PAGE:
Civilian honours and their discontents

Written by YRK Reddy | Updated: Feb 17 2007, 06:16am hrs
An illustrious scientist who was awarded a Padma Shri some years ago is distraught that less accomplished people have been awarded higher honours now. An eminent litterateur and social commentator is piqued that he has been selected for a mere Padma Shri. A great historian has declined a Padma Bhushan twice over. In the end, all those who have received their honours in earlier years are unhappy that they have not been given higher honours, or that their juniors in some sense or the other, are being honoured better. Many are unhappy that the public memory is distressingly shortand the aftermath of the distinction is as depressing as the post-nuptial syndrome. Some are unhappy that sports people are being picked up while they have another track of recognition; many civil servants dont know why their colleagues have suddenly become heroes; public sector honchos wonder why people get such awards for running their own businesses profitably; and the common man cannot figure why some foreigners are being honoured or why sections of the media tally the awards by region or religion. And there is no dearth of sour grapes. The saga continues.

There are also many who have not aspired for any such award and yet could not decline when offered, out of politenessas an eminent doctor friend commented perceptively some years ago, he had to live down the embarrassment quickly. Some are unhappy for being used to add flavour and credibility to an otherwise bland list.

Civilian honors and awards have been controversial in many countries. No wonder that Tony Blair has been questioned by Scotland Yard as part of its investigation into the cash-for-peerage scandal involving, among others, Gulam Noon, the curry king, Chai Patel, the CEO of Priory Clinics, Barry Townsley, a stockbroker, and David Garrard, a property developer.

Soon after World War I, there were serious charges in the UK of corruption that included trading bells, whistles, ribbons, trinkets and titles for huge sums of money. In comparison, there was probably greater transparency when William the Conqueror, auctioned honours publiclynot a bad idea at all. A leaked document a couple of years ago contains the names of those who refused the honoursthe list of almost 300 people since World War II includes renowned authors, writers, and poets who were unhappy with the regimes or considered the honour belated or lower than what they deserved.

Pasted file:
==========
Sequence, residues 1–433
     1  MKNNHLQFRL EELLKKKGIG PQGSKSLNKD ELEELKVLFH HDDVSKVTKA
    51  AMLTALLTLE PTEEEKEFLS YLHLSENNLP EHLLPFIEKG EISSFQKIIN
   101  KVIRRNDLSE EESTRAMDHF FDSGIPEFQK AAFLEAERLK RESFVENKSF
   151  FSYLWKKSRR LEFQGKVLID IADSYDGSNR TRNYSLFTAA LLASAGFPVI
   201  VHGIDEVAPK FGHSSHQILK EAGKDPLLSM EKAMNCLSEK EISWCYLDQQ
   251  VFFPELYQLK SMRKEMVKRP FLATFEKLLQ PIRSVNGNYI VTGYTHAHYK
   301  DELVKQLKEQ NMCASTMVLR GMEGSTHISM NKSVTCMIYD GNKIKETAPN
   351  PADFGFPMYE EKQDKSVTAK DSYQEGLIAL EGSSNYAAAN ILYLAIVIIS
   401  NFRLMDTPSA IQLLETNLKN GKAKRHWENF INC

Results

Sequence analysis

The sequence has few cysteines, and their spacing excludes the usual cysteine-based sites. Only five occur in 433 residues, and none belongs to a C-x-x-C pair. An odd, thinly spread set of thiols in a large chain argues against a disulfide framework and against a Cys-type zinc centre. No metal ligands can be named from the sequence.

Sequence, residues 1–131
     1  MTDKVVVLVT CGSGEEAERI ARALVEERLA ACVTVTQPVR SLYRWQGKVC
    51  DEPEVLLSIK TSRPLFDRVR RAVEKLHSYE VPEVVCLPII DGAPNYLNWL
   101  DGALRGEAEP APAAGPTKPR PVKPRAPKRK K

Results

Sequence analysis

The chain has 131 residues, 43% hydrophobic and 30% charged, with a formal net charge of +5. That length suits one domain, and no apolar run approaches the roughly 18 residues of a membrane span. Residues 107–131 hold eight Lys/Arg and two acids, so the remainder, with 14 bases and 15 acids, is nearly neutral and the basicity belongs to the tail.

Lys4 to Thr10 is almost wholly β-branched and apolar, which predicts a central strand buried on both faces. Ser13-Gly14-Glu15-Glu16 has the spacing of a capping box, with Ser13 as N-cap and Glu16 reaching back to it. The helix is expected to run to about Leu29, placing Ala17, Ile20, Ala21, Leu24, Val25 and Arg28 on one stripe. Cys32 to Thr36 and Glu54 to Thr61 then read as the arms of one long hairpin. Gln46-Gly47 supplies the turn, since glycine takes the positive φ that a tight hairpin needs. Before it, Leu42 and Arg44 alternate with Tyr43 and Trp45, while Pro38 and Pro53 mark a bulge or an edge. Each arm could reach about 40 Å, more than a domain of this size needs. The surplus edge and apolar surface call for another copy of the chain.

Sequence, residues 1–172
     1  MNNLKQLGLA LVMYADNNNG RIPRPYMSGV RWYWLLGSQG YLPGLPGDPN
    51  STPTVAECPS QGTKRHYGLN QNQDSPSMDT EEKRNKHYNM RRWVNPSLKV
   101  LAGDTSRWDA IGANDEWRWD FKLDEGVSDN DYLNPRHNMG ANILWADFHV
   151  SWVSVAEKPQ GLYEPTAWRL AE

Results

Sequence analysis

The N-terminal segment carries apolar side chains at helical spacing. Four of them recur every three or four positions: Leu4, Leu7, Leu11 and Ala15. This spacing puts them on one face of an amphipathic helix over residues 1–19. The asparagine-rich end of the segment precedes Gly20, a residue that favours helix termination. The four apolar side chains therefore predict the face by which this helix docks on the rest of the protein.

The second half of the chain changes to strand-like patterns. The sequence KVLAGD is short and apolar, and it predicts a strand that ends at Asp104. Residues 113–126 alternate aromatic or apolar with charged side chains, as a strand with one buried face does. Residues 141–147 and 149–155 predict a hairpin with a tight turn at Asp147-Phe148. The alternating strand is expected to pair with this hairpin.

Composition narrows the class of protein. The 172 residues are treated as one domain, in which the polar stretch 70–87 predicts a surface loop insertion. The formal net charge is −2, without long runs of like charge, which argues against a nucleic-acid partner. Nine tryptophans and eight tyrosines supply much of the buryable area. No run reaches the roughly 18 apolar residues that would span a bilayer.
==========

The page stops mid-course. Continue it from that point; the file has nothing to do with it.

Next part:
In many countries, the selection process has been questionable and often provides enormous scope for lobbying, sponsorship and intermediation of many kinds. This is aggravated in a system that relies on a bureaucracy that promotes private information, political patronage and noise at the right places. Thus, a market evolves for such honours. Such a market is also conscious that for maintaining the threshold reputation, some of the awardees have to be picked on merits that would bring honour to the resta good free ride for the many driven by the reputation of a handful. Sadly, though, it proves a no-win situation for those who have wormed their way into the list via the market mechanism. Such an award worsens public perceptions of fraud. The award, instead of enhancing their reputation among the intelligentsia, confirms what otherwise may have been a mere suspicion. Some years ago, an academic awardee was publicly derided as a Badmashri in the light of his questionable past and political connections.

In comparison, there was probably greater transparency when William the Conqueror, auctioned honours publiclynot a bad idea at all
Fortunately, we do not have celebrities declining them in hordes or police investigations of the British variety. Not yetthough the system may have been testing the patience of Rashtrapathi Bhavan and the PMO over the years. There are fault lines in the process that need to be fixed to fight cynicism. We need a more transparent system. A system in which the public can actively participate and one that can be validated on the basis of openly stated goals. The current system fails any test for robustness of information flow and selection processes that guarantee rational outcomes.

Wait. Outcomes... what outcomes